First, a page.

Capital to pilot changes to secondary schools envisaged by ministers and Tomlinson, reports Warwick Mansell
All pupils will have personal tutors and schools will be linked to universities, which will provide lessons on campus or online.
Secondary schools will develop partnerships with at least one company, signing an agreement which sets out how they will work together to support pupils and staff, for their mutual benefit.
Each pupil will receive a high quality, coherent programme of academic, vocational or work-based learning, offered at whichever school, college, employer or university is best placed to deliver it.
Welcome to a vision of the future of secondary education, as set out by ministers. A consultation launched by the Department for Education and Skills without publicity sets out these ideas within proposals to improve 14 to 19 education across London over the next five years.
The idea is that the capital's schools will lead the way in implementing the changes envisaged in Mike Tomlinson's report into the future of secondary education. The proposals offer further ammunition to those who say the Government will reject central aspects of the plans in its White Paper response to the former chief inspector's 18-month review.
This week, Ruth Kelly, the Education Secretary, said: "We need to make sure that we have GCSEs and A-levels remaining in place and build upon that." Mr Tomlinson has said that the names should be dropped within a diploma system.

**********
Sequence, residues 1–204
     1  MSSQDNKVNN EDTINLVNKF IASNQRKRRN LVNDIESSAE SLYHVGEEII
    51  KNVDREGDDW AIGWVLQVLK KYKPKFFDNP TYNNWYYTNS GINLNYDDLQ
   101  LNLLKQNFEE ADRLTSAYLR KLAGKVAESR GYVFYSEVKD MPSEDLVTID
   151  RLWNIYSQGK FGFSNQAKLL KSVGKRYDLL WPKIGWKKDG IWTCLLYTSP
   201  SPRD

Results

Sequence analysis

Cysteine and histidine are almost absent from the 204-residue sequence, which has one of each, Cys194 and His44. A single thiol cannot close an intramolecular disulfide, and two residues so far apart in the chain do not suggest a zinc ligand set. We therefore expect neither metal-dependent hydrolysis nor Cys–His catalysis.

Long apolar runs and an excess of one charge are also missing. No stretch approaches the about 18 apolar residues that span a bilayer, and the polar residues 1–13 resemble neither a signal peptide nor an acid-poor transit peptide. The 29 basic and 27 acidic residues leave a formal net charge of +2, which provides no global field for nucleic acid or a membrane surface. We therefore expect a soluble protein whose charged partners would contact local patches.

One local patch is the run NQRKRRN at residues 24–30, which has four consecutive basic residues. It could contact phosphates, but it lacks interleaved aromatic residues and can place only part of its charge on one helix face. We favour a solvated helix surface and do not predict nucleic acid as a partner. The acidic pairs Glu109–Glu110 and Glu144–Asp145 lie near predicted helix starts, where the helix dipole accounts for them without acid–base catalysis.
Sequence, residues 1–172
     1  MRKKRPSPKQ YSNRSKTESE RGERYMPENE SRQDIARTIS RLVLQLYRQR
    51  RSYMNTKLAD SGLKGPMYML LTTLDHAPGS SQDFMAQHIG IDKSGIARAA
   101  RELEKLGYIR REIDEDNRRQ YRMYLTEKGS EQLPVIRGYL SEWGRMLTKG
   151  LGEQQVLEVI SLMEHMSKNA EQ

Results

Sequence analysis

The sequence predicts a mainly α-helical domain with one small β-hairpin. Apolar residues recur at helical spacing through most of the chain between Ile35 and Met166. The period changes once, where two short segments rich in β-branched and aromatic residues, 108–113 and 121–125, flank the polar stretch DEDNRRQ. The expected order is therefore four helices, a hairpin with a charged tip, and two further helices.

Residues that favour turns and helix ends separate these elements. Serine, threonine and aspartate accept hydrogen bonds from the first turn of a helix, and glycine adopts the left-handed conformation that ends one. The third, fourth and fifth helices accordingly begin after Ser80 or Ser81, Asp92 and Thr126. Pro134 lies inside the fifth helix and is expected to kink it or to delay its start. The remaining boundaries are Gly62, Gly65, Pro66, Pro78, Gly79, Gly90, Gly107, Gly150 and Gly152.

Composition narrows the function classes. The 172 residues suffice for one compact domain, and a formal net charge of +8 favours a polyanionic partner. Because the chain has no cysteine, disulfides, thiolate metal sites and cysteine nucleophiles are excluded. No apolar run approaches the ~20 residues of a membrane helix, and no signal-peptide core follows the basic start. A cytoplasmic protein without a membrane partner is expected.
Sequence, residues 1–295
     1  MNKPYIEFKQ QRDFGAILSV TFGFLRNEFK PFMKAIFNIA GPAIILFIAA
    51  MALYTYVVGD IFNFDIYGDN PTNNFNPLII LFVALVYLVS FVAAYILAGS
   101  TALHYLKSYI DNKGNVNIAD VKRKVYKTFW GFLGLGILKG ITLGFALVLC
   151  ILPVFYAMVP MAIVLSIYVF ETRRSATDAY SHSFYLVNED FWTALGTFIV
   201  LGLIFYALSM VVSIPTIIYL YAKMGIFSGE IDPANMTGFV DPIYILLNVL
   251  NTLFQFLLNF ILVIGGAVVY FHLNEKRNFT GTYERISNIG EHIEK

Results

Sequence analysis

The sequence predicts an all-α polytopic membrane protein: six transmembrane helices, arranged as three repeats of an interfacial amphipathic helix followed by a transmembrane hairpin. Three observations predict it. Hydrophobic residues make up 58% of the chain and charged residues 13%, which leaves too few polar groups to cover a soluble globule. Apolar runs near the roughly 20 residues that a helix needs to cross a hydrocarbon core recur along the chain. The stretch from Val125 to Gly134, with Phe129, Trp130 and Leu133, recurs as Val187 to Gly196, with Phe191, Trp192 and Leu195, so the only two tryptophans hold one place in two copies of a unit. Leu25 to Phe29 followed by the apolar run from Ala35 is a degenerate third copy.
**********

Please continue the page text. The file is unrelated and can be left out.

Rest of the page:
There is speculation the Government might introduce a diploma, consisting of English, maths and computing, but it would not be a requirement for all students. High-achievers might continue to take GCSEs and A-levels.
One source said: "That would be death on wheels for the Tomlinson proposals. The diploma would be seen as a default option for the less academic, and universities might just look at GCSE and A-level achievements."
Although ministers argue that details of the implications for London of Tomlinson's report will not emerge until the White Paper is published next month, its supporters worry there is no mention of the diploma in the consultation.
Under the "pan-London 14 to 19 learner offer", all pupils will be given access to a personal tutor, study skills and "employability" courses and advice on which qualifications to study. The concept is that schools, colleges, employers, universities, local authorities and Learning and Skills Councils work together to offer a choice of good courses, across the capital.
The consultation says: "We want to see London leading the way in the development of a 14 to 19 phase of education and training that gives all young people the opportunity to achieve their potential." The paper says demand for high levels of education and training is increasing in the capital. There are some boroughs where low-skilled employment is prevalent but that is expected to decline.
There was also a need to address underachievement among boys, the poor and those from some ethnic minorities.
London is seen as ripe to pilot radical changes because of its particular difficulties and the fact that scores of schools, colleges, universities and employers are within travelling distance of pupils.
John Bangs, National Union of Teachers' head of education, said: "If the Government can deliver a personal tutor for every child from 14 to 19, that is a fantastic opportunity for London youngsters."
What is education for? 16-page magazine inside The TES www.dfes.gov.ukconsultations